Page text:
On September 11, 2001, I was a junior in high school. I was sitting in English class when the boy in front of me (I think his name was David) turned around and exclaimed, “They bombed the World Trade Center!”
I scoffed and said, “No – a plane hit one of the towers by accident. They’re definitely not bombing it.” It was an accident… it had to be.
Before the end of the school day, I ate those words. School let out early that day; students poured into the streets, hurrying home. Your grandparents live on the South Shore of Staten Island, opposite from the side that faces Manhattan but we could still see the smoke that choked the sky.
No one in our family worked there so it didn’t effect me personally, I guess. I remember there were countless posters plastered all over the bus that proclaimed friends and family members “missing.” We all knew they were dead, never to be found in the rubble downtown.
I remember I had ordered a movie poster for “Batteries Not Included” and the seller sent it to me for free because it was “a shame what they did to our beautiful city.”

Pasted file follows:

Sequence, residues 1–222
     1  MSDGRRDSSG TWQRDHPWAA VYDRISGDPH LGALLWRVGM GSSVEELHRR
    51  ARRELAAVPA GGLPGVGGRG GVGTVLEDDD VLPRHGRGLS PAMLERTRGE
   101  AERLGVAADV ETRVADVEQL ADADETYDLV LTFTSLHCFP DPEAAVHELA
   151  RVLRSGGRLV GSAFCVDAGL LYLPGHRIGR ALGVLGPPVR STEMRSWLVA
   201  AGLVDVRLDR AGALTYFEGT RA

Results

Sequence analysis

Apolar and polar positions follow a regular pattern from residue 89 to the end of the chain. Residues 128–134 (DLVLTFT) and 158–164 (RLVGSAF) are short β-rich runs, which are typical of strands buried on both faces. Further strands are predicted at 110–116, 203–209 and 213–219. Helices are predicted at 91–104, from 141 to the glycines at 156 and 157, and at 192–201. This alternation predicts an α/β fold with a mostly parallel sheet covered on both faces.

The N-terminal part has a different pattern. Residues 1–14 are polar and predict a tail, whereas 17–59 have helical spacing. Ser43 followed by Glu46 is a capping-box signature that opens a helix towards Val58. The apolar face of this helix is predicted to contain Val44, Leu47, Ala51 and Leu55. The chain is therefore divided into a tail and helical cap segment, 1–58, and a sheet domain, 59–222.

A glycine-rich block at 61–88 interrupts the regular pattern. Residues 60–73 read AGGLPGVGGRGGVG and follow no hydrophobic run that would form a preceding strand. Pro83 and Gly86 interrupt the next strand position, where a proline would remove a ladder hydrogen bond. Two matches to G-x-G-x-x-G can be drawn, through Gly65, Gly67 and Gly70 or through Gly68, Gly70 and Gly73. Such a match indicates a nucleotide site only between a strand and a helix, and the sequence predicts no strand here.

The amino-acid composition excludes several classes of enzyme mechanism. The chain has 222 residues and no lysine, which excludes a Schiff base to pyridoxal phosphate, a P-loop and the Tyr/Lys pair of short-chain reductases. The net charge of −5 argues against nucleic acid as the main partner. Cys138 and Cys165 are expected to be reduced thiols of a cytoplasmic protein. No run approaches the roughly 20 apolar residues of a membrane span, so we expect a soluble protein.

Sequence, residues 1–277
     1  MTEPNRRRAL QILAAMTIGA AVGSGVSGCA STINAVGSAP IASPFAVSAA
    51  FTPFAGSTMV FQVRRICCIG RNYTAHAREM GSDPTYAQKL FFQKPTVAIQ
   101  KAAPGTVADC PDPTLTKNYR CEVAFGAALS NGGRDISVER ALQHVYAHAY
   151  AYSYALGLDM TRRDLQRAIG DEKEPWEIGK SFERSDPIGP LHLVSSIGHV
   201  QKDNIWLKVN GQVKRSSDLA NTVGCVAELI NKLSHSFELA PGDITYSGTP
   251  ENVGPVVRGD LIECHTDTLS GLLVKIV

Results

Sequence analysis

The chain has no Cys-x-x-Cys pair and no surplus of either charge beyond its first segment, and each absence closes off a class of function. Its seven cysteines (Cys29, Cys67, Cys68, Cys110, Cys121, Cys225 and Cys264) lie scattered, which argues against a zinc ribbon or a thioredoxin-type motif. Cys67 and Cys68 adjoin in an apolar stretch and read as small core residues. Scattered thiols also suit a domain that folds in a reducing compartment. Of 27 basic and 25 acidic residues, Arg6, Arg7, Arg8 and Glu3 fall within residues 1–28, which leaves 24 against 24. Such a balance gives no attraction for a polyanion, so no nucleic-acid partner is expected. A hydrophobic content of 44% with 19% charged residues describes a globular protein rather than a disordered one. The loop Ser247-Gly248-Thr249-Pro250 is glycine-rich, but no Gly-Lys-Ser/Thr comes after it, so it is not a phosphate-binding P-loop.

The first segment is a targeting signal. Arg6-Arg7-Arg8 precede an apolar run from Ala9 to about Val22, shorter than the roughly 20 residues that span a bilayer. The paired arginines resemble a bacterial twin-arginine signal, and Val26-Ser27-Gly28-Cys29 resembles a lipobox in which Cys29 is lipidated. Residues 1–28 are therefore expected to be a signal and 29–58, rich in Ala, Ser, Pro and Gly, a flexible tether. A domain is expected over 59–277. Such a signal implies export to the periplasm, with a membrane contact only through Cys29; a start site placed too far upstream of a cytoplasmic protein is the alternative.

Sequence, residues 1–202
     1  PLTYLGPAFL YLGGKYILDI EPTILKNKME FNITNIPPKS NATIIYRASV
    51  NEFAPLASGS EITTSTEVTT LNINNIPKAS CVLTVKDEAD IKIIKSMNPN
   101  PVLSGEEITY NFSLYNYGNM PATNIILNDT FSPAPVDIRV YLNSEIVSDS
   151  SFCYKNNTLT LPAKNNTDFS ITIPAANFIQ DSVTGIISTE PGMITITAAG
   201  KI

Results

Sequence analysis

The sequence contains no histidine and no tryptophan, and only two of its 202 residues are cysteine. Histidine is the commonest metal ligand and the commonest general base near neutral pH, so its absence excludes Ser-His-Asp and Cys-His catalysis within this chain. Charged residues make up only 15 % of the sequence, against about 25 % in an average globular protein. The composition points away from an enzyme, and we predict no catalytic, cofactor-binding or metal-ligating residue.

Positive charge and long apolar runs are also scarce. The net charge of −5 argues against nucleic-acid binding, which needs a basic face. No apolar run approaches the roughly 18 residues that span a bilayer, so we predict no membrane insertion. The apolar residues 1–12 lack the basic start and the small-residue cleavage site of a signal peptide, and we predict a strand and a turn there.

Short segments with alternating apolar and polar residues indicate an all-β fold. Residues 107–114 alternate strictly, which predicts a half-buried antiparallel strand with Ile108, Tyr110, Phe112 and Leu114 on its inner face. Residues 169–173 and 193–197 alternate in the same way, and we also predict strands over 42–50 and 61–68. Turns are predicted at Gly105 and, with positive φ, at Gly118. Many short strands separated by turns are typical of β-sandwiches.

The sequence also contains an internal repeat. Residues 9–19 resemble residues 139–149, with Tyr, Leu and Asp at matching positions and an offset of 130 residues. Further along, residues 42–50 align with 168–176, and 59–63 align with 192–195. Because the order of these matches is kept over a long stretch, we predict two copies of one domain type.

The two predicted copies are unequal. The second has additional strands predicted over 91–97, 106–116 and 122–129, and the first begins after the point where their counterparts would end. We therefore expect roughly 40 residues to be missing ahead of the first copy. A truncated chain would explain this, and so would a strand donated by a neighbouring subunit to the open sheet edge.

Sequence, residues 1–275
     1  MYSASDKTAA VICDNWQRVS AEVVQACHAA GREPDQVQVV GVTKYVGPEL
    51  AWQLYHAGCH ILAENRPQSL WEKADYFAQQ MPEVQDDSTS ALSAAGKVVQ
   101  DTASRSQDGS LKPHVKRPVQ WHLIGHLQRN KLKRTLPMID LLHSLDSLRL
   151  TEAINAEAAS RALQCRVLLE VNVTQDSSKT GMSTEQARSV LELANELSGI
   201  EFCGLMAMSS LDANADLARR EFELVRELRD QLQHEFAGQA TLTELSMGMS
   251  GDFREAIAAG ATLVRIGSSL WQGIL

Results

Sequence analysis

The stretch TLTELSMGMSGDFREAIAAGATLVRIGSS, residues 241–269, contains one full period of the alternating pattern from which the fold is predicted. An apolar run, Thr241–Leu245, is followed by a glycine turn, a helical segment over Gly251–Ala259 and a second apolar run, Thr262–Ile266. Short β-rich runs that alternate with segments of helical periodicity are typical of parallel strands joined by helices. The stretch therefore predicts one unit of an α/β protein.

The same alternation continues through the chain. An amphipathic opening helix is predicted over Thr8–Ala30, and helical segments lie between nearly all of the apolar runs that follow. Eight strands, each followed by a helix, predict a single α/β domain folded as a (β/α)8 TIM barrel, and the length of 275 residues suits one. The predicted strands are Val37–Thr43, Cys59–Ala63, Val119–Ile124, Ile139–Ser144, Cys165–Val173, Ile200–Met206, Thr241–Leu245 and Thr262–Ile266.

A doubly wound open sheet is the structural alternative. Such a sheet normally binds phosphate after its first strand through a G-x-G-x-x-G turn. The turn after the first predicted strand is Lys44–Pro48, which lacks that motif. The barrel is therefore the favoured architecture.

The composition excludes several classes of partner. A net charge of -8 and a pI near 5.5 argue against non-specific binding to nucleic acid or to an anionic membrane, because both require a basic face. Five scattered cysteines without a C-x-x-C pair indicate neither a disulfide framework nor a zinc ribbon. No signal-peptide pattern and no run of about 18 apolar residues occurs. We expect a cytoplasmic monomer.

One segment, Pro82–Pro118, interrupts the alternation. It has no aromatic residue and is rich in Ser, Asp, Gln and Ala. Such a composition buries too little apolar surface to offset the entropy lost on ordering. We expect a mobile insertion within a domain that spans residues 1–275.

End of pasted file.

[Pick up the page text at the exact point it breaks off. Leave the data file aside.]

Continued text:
In the past ten years, I’ve never reflected on 9/11. Today our new pastor, Bob, preached about God, suffering, and tragedy through the book of Job. This is one of my favorite books in the Bible. It’s depressing and raw, but very real. This man had everything – wealth, property, a large family – and in one fell swoop everything was taken from him.
To me, Job’s response represented something that was missing from my life – acknowledgment that God is sovereign. “The Lord gave and the Lord has taken away; may the name of the Lord be praised.” – Job 1:21
I can’t imagine losing everything I have, including my family, and being able to accept God’s sovereignty as if everything was okay and in its right place. That is simply incomprehensible. That is great faith.
These are some of my notes from Sunday school today.